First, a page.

Procyonids | Procyonidae
Procyonidae, also referred to as the raccoon family, includes 18 species, such as, raccoons, ringtails, coatis, and more. This family is found only in the New World; that is from Canada to Argentina, in habitats ranging from forests to deserts to wetlands. Members of the Procyonidae family are typically small and slender with long tails that can be used for balancing. Due to their appearance, Procyonids are typically considered to be smaller cousins of bears, however, this is inaccurate as they are more closely related to mustelids. While the Common Raccoon has a bulky build, Procyonids are relatively small animals with slender bodies and long tails. The Procyonidae family is primarily omnivorous and will feed on animal or plant matter. Some members of the procyonidae family are social and live in groups while others are more solitary and live alone.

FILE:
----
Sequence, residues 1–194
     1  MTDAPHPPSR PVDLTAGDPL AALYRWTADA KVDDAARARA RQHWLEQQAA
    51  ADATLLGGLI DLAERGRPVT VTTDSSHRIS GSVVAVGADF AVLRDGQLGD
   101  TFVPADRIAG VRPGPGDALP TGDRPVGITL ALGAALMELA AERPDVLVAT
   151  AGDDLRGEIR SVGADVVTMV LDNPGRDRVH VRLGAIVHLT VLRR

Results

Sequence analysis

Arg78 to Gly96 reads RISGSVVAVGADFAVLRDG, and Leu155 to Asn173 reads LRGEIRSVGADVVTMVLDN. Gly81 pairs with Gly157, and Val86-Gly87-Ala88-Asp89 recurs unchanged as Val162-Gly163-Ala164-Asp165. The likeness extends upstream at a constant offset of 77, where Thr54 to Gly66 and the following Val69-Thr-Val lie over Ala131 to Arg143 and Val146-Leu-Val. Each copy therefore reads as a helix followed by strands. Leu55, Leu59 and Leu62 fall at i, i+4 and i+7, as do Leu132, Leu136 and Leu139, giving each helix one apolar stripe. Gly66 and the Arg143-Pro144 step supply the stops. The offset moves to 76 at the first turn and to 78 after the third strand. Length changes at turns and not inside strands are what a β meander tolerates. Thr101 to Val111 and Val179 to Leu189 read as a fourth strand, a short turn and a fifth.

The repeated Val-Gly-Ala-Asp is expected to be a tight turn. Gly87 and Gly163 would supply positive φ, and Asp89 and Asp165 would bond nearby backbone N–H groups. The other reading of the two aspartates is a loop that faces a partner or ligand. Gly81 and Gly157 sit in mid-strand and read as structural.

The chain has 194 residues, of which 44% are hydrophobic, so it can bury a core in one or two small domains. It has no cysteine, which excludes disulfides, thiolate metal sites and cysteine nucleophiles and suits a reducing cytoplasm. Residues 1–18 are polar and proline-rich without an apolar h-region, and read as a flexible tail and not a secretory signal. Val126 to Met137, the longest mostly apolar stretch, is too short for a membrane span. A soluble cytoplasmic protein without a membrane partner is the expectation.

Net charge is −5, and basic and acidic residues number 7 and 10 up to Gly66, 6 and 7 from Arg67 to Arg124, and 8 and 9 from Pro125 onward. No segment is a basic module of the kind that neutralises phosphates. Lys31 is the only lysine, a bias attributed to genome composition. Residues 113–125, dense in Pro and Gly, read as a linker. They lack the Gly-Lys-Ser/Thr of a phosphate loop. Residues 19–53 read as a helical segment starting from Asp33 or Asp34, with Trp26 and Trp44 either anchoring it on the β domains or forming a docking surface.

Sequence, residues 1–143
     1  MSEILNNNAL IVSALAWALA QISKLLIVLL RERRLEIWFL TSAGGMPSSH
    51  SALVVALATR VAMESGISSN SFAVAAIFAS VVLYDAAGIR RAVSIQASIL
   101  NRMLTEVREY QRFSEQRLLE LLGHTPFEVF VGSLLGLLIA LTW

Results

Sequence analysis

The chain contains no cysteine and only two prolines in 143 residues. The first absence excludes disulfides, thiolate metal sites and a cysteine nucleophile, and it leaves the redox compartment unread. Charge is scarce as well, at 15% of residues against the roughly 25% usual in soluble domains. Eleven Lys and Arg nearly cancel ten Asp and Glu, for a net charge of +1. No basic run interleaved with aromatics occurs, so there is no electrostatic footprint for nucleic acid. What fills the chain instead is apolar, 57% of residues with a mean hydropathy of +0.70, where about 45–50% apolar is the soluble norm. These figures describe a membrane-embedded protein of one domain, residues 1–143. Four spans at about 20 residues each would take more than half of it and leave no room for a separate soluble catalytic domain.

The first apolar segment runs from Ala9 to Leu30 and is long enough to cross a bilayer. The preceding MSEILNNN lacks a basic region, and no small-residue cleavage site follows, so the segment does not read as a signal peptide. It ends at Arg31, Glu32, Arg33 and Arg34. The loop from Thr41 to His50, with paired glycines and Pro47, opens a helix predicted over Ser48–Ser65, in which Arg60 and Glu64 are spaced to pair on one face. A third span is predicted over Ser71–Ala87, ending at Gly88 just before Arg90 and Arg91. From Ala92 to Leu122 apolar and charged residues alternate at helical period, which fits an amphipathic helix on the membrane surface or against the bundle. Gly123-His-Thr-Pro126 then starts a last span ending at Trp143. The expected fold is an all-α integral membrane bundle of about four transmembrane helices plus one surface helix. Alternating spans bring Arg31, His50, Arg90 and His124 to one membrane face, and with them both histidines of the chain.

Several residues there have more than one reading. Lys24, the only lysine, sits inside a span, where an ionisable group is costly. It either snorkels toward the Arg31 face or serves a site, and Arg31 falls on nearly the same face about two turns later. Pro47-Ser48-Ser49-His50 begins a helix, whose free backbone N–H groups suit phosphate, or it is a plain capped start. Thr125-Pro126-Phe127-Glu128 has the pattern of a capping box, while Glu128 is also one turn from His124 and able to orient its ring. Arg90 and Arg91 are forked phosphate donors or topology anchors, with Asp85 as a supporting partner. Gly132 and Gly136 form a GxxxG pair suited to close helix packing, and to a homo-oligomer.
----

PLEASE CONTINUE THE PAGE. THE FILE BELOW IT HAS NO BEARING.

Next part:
The characteristics that define Procyonids include them being small animals with slender bodies and long tails. Procyonids also typically have an omnivorous diet as they have lost the adaptation to eating flesh. Procyonids are solitary animals with mothers raising their litter by themselves and have less than 40 teeth.
There are 14 species of Procyonidae in total that belong to 6 genera and are divided into dozens of subspecies. The species of Procyonidae include the Eastern lowland olingo, Cacomistle, South American coati, and the Eastern mountain coati. Other species of Procyonidae are the Kinkajou, Crab-eating raccoon, and the Ring-tailed cat.
The Procyonidae family is believed to have emerged as a separate family within the Carnivora order about 22.6 million years ago. The geologic history of the Procyonidae family is old and dates back to the late Eocene period. The Procyonidae family is believed to have evolved within South and Central America.